[Source: Maurice Nadeau, Histoire du Surrealisme, Editiosn du Soeuil, 1964.]
Breton made several interesting lists of artists and writers who he identified as Surrelaists or precursors of Surrealism, the names appearing in the Manifestes... and then in the Anthologie de l'Humor Noir. The suggestions are factual and fanciful, meant to be taken seriously and not--ir at least his reasons and identifiers of those names were to be taken loosely if not the names themselves. In any event it is an itneresting amalgamted list, which is presented below, cobbled together from the two sources and then alphabetizied. These are names Breton mentions explicitly in his lists, and do not include all of those folks whos eart he discusses in those works. I mean to return to this with portraits and links, but for a start today I'd at least to start with the backbone of the names.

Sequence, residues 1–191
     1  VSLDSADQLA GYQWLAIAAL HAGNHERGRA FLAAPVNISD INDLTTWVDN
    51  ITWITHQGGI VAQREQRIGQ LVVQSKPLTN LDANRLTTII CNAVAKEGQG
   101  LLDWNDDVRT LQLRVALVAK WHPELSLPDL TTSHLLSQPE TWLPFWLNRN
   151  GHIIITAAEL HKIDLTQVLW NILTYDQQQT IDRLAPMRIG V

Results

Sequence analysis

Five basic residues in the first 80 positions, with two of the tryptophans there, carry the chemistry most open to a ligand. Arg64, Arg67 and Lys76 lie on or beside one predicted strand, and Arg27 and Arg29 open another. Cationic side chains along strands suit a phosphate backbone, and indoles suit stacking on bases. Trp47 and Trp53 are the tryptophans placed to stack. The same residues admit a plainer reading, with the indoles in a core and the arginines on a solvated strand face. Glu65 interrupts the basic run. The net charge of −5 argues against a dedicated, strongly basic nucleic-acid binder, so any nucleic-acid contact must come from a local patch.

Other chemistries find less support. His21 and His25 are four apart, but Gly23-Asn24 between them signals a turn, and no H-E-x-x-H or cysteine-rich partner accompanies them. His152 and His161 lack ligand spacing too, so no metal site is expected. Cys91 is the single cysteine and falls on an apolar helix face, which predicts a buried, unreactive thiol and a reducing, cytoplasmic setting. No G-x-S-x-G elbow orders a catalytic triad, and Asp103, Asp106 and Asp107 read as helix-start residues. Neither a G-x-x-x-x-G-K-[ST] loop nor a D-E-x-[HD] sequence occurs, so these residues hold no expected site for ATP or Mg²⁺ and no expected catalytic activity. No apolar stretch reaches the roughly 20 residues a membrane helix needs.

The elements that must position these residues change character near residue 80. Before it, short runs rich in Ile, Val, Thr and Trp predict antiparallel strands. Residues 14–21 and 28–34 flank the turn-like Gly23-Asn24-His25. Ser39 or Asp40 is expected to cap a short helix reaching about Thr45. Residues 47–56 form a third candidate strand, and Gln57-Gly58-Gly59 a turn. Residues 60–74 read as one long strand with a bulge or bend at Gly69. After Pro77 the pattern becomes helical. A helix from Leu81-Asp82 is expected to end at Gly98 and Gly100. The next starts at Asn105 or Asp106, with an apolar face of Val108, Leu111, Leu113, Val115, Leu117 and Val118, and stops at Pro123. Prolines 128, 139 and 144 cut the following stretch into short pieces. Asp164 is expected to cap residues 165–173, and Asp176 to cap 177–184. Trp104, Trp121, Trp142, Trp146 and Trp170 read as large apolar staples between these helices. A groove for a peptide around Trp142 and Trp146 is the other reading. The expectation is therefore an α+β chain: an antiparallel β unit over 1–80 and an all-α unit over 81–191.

[Source: the Paris surrealists, 1933: Tristan Tzara, Paul Éluard, André Breton, Hans Arp, Salvador Dalí, Yves Tanguy, Max Ernst, René Crevel and Man Ray. Photo by Anna Riwkin-Brick. Image found here: Art and Studio Tumblr, here.]
Manifestes du Surrealisme (1924) is available in French here and in English here.
[Artists in Exile, 1942: Front row left to right: Matta Echaurren, Ossip Zadkine, Yves Tanguy, Max Ernst, Marc Chagall, Fernand Léger Second row: André Breton, Piet Mondrian, André Masson, Amédée Ozenfant, Jacques Lipchitz, Pavel Tchelitchew, Kurt Seligmann and Eugene Berman. (Photo: George Platt Lynes]
Breton's definitions of surrealism:
SURREALISME, n, m. Automatisme psychiquepur
par lequel on se propose d’exprimer, soit verbalement, soit par écrit,